Origin and growth of Bank Notes and Currencies -10
Origin and growth of
Bank Notes and Currencies – 10
(Written by N.R. Jayaraman)
The National Bank of Azad Hind, also known as the Bank of Independence, was reportedly established by Subhash Chandra Bose in Rangoon, Burma which was meant to manage the funds donated by the Indian community from across the world and the same bank must have issued currency as promissory notes.
In this connection I place before the readers, an interesting historic news that revealed the existence of the Currency issued by Subhash Chandra Bose.
On January 22, 2010 an article appeared in The Hindu, Bhopal edition which read as below:
A currency issued by Netaji Subhash Chandra Bose’s Bank of Independence has been made public here on the eve of his 113th birth anniversary, leading to excitement among his supporters.
In the 1980s, Ram Kishore Dubey, a retired contractor with the State Irrigation Department, discovered the note in his grandfather’s Ramayana book, but did not realise its historical significance till recently.
“My grandfather, Praagilal, worked for Netaji in the Azaad Hind Fauj and passed away in 1958,” says the 63-year-old Dubey.
“He used to stay away from the family for months on end working covertly for the INA [Indian National Army] in the Bundelkhand region on a recruitment drive for its Jhansi Ki Rani Regiment, led by Lakshmi Swaminathan. He gave up his land for the cause of the army and so Netaji rewarded him with this note promising him the amount in independent India.”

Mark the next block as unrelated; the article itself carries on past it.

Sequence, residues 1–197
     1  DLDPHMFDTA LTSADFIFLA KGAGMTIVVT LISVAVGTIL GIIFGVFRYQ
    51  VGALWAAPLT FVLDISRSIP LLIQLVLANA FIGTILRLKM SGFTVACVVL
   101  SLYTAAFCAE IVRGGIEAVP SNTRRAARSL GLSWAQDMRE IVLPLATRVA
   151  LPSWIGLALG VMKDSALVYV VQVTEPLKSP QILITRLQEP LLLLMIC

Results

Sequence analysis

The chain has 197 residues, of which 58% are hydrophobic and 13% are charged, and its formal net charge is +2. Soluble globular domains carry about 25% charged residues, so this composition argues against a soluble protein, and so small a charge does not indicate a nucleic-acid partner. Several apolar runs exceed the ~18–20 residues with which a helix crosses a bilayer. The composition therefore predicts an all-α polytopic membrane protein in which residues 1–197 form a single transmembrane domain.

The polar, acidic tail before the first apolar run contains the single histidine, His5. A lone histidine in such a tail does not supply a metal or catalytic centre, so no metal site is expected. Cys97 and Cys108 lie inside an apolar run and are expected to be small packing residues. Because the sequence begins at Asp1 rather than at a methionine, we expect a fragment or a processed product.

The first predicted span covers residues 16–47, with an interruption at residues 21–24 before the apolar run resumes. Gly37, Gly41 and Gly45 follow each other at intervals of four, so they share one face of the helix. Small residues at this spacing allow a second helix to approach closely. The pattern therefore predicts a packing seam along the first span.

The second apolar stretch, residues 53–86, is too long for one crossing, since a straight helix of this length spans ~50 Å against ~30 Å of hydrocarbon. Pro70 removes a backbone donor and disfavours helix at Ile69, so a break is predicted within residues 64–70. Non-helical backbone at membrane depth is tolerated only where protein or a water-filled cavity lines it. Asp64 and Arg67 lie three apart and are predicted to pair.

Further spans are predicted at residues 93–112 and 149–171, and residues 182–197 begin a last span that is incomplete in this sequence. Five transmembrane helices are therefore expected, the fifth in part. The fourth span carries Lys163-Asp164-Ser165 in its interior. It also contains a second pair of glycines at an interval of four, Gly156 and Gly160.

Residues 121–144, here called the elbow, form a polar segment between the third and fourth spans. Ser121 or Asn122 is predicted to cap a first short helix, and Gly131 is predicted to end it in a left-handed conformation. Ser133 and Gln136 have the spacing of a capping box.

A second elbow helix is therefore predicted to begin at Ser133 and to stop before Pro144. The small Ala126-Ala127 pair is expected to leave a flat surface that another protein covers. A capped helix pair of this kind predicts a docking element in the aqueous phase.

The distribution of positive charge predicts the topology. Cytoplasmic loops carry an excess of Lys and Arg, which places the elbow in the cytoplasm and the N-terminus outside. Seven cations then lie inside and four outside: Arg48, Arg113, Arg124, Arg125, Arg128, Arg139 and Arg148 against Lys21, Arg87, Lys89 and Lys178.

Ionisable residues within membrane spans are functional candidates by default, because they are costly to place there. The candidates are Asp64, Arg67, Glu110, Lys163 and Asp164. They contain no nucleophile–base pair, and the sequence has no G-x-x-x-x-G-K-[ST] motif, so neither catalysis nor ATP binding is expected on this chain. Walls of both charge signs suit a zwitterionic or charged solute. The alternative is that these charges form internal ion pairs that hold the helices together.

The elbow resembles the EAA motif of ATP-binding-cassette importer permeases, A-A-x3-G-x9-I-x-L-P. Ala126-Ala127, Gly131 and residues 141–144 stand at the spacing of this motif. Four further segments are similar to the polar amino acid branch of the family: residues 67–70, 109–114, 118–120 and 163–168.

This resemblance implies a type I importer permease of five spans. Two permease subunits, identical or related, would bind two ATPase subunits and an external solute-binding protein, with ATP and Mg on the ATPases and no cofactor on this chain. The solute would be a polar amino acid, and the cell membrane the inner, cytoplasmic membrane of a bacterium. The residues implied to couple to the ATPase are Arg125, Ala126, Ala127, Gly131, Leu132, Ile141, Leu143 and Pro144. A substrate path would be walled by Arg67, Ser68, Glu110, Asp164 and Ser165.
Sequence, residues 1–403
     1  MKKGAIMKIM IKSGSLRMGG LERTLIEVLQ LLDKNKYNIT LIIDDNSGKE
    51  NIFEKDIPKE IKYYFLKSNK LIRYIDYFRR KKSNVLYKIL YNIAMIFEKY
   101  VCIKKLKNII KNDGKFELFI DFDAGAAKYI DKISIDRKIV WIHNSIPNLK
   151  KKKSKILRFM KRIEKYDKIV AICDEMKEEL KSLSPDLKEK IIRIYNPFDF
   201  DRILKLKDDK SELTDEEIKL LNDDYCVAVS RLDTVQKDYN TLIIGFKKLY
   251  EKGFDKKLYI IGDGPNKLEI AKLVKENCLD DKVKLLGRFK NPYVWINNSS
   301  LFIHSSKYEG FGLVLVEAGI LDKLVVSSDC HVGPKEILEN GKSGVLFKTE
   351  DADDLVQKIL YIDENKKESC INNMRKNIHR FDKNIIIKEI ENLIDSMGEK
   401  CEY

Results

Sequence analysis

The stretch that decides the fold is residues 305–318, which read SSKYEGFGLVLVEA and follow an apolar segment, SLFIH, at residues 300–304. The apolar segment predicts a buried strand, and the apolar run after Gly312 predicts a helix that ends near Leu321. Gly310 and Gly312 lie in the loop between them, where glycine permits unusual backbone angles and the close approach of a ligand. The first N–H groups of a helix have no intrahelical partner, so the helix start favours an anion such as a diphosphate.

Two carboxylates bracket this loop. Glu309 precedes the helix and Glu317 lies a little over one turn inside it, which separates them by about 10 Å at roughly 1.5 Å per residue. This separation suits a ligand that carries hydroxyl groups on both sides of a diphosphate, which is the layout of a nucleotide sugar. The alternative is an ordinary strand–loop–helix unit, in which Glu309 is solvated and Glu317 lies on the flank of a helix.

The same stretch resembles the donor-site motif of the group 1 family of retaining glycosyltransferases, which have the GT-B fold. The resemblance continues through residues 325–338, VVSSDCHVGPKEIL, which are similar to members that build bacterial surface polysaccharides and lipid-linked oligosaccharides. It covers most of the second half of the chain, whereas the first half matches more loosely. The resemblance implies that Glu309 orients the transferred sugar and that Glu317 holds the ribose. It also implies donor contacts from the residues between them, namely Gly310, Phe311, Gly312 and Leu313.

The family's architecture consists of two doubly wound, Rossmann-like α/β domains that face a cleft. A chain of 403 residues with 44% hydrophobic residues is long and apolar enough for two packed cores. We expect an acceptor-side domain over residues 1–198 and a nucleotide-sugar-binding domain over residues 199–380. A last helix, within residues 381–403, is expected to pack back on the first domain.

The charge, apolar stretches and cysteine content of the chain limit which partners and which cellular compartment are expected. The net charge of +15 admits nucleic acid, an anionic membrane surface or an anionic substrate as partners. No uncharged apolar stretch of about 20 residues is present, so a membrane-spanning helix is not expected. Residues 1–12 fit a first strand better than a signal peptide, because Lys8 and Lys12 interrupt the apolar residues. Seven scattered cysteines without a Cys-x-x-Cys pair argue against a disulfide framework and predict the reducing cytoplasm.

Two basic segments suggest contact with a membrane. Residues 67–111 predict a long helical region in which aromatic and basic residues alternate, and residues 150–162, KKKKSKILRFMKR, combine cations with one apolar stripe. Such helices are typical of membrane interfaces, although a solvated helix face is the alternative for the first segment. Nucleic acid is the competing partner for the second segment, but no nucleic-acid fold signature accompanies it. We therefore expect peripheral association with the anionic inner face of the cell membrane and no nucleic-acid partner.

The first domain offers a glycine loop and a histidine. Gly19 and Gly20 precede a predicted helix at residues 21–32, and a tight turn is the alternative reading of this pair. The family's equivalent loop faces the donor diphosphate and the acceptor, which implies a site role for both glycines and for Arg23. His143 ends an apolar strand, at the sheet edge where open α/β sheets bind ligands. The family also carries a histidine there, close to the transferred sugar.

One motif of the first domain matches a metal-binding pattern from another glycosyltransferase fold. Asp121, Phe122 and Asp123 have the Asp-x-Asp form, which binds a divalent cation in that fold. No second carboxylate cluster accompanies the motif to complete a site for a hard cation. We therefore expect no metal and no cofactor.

The currency, of denomination one lakh, has a photograph of Bose on the left side and a pre-independence map of the Indian territory with the inscription “ swatantra bharat” in Hindi on the other. In the middle are inscribed the words “ Jai Hind” in English, with the words “I promise to pay the bearer the sum of one Lac” below it.
On the top of the note is a series of flags of the Azaad Hind Fauj over a bold inscription saying “Bank of Independence” with “good wishes” inscribed at the bottom.
Another interesting news in the history of Currency is that in the year 1919 when the Colombo ( Now Sri Lanka) Banks ran short of Currencies and experienced shortage of Silver Coins on account of embargo on export of Silver from India, Colombo concluded a barter like deal with Indian Government. As per the agreement the Bank of Madras would export three million Silver Rupees and Colombo will in turn issue to the Bank of Madras printed Currencies from Colombo and subsequently the deal was successfully carried out.
For many years prior to the formation of the RBI the Indian rupee was used as the official Currency in several areas that were controlled by the Britishers and governed from India .
There have been instances when the Indian Currencies imprinted with text like ‘For use in Pakistan’ have been issued. In the initial years, the Government of Pakistan used super inscribed Indian notes as its Paper Money until they were gradually replaced by Pakistani currency by 1949. The notes contained captions like “Government of Pakistan” in English and “Hukumat e Pakistan” in Urdu. Notes of Rs. 1, 2, 5, 10 and 100 were super inscribed in such a manner.
Initially the Indian notes were over printed , followed by a special series of ‘Burma notes’ of the Reserve Bank of India in 1937. After World War II, upon liberation from the Japanese, Government of Burma constituted a Currency Board which used for many years the Indian Currencies overprinted with ‘Burma Currency Board / Legal Tender in Burma Only’.